The papers: 'Snoopers' charter' and the mum who found her dead son's heart
The "rushed through" surveillance legislation - or if you prefer, "snoopers' charter" - fills many pages of Friday's newspapers.
The Guardian argues that the surveillance bill "makes a drama out of a non-existent crisis".
With the legislation due to pass parliament in days as an emergency measure, the paper quotes former Conservative shadow home secretary David Davis, who says: "I couldn't see quite what there was of an emergency here beyond a sort of theatrical emergency".
The Independent says although Mr Cameron hasn't been able to reintroduce the "tougher" surveillance measures he tried to bring in under the Communications Data Bill - which was blocked last year after Lib Dem objections - he may be trying to bring them back if a review of data collection recommends it.
The review is due to report in 2016, the paper adds.
In its comment column, the paper argues that the way in which the current laws have been agreed "behind closed doors" adds to an "impression that the government is seizing for itself unwarranted powers".
The Daily Mirror agrees with that view, arguing "it stinks that a British prime minister is using emergency powers to snoop on you so he can avoid a wider public debate".
The Financial Times's leader column says "backbench MPs are being given too little time to discuss a matter of considerable significance.
"On national security a prime minister should always act calmly.
" Instead what the public is being offered is hasty legislation, passed amid panicky cries about terror threats by a parliament where dissenting voices are being eliminated by the guillotine and the party whip."
The Times leader column takes the opposite view.
"The threat posed to innocent lives by terrorism and organised crime is greater than the threat to privacy from surveillance by police and the security services.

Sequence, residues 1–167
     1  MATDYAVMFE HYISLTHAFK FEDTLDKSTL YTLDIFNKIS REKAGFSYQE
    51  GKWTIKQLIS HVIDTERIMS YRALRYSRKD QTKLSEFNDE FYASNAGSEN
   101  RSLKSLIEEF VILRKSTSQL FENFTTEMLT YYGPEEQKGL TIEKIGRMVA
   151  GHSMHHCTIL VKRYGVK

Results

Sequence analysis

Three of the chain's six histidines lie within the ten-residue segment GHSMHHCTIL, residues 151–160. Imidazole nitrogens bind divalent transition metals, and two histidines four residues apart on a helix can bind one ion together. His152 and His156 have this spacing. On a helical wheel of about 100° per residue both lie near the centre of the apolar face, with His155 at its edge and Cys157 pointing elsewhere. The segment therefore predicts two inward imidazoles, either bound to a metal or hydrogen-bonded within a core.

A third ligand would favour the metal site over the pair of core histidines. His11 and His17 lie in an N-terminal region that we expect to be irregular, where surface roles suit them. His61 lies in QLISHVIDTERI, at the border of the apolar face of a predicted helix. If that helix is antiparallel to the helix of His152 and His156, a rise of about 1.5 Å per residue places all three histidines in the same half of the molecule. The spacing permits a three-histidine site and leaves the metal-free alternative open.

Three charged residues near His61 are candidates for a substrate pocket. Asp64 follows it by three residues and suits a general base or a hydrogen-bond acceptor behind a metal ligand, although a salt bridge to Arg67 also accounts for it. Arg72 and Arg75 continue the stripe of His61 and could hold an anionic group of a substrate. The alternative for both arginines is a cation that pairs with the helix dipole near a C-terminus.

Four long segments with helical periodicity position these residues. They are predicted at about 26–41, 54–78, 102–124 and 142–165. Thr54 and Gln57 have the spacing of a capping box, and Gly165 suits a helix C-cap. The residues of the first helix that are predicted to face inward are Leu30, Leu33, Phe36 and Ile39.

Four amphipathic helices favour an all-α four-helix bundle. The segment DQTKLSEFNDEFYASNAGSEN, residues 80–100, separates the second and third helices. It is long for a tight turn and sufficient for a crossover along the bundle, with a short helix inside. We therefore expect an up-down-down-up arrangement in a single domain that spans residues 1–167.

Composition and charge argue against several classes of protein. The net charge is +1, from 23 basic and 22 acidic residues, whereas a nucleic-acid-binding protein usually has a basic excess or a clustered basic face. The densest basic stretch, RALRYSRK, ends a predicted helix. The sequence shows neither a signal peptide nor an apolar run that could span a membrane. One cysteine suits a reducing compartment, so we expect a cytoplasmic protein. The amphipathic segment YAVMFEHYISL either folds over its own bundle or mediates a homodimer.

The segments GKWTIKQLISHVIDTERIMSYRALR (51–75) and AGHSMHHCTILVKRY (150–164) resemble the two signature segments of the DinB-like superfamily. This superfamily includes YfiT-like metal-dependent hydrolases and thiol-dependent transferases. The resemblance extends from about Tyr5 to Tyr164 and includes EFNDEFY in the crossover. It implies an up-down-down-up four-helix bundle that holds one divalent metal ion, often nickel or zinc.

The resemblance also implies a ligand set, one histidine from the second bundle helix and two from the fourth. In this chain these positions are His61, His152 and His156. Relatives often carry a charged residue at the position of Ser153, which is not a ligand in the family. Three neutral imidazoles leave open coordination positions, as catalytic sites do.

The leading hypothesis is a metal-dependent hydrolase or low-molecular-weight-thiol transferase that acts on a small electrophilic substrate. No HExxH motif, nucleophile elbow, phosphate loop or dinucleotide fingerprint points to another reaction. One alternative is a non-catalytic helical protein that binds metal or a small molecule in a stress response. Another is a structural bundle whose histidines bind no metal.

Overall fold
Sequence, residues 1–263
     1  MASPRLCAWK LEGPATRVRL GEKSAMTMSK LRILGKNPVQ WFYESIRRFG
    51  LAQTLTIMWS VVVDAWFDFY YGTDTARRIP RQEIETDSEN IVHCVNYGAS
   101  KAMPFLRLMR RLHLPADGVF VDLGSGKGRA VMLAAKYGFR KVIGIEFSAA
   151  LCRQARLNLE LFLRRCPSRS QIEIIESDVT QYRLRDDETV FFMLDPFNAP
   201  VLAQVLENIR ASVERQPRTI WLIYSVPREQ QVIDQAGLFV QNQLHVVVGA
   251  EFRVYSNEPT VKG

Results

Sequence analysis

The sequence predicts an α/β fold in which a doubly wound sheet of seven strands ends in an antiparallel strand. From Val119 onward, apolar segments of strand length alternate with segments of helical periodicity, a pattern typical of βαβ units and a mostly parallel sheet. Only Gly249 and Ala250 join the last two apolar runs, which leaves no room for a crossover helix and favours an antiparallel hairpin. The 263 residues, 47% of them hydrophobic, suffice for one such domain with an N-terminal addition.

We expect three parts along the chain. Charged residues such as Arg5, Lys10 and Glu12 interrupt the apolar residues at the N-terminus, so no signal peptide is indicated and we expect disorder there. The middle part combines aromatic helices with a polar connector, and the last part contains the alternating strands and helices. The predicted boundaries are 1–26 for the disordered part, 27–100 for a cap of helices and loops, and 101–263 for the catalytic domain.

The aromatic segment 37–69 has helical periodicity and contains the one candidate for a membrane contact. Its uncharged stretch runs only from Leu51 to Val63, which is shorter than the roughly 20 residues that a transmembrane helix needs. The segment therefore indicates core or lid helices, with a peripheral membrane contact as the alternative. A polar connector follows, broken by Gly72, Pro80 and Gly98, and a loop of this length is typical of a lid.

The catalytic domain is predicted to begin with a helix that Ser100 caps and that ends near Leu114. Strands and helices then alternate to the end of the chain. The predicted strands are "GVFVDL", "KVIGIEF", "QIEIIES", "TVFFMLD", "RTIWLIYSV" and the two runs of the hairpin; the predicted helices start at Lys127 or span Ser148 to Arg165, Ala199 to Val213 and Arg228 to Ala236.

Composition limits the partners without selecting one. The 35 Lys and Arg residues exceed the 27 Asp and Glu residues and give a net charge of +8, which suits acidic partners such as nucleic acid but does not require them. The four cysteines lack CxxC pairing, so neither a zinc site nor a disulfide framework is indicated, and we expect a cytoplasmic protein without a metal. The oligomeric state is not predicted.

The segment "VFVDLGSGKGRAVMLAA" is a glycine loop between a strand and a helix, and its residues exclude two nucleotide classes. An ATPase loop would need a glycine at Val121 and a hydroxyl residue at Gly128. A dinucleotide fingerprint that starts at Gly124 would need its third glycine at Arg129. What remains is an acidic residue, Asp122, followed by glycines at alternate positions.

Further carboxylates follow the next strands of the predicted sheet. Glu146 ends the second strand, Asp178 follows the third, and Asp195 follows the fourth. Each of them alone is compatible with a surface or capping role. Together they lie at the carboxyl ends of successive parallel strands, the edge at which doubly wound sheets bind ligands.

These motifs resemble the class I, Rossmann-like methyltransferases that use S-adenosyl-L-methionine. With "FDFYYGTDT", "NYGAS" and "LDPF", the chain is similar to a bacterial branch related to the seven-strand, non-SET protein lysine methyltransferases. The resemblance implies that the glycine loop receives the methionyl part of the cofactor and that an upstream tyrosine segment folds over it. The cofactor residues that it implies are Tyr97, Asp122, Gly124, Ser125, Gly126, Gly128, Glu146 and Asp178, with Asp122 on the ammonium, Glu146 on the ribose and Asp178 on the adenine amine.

"Without this bill official powers to monitor phone, email and internet records would be drastically reduced, and internet companies would start deleting valuable records."
The Daily Mail says it supports the emergency legislation "through gritted teeth" as "such powers have been used in every major terrorist investigation of the last decade."
The paper adds that the issue is back on the agenda because "the treachery of Edward Snowden in exposing the methods of our security services has made the job of keeping Britain safe much harder".
Obesity is literally a "big issue" for the UK, and the papers are fretting over a new announcement by Britain's healthcare watchdog.
The National Institute of Health and Care Excellence (NICE) has called for obese patients with type two diabetes to be offered weight reduction operations by the NHS.
The move, the Daily Mail reports, would double to 1.8m the numbers of people qualifying for taxpayer-funded surgery.
The Mail says that "campaigners said it was wrong to offer operations costing £5,000 when the NHS faces a £30bn deficit and NICE is denying cancer patients life-extending drugs".
The Daily Telegraph notes research which suggests that the cost of health problems caused by obesity means the typical cost of a weight reduction operation is repaid by savings to the NHS within three years.
The paper carries a graph charting the growth in British waistlines from the 1960s, when just 1% of UK men and 2% of women were classified as obese, to the current situation where 25.1% of women and 24.4% of men are said to fall into the category.
The Times says 700 new cases of diabetes are diagnosed every day, and half of all those with type two diabetes are obese.
It quotes Simon O'Neill of Diabetes UK, who says surgery could lead to dramatic weight loss, but it should not be seen as "a cure or easy option" and patients should be "eating better and exercising more".
The Daily Express says NICE's guidance notes that ultra-low calorie diets have been shown to be ineffective on obese patients and should only be used on patients who have a clinical need to lose weight quickly.
It notes research taking place at Manchester University that aims to explain why stomach surgery can "cure" diabetes.
The research is focussed on malfunctioning hormone-producing cells in the gut which control the bodies insulin flow and can cause over and under-eating. Gastric bypasses cut off a number of the malfunctioning cells.
"The breakthrough could lead to the development of drugs which could be used instead of surgery to tackle both obesity and diabetes," the paper adds.
'On the attack'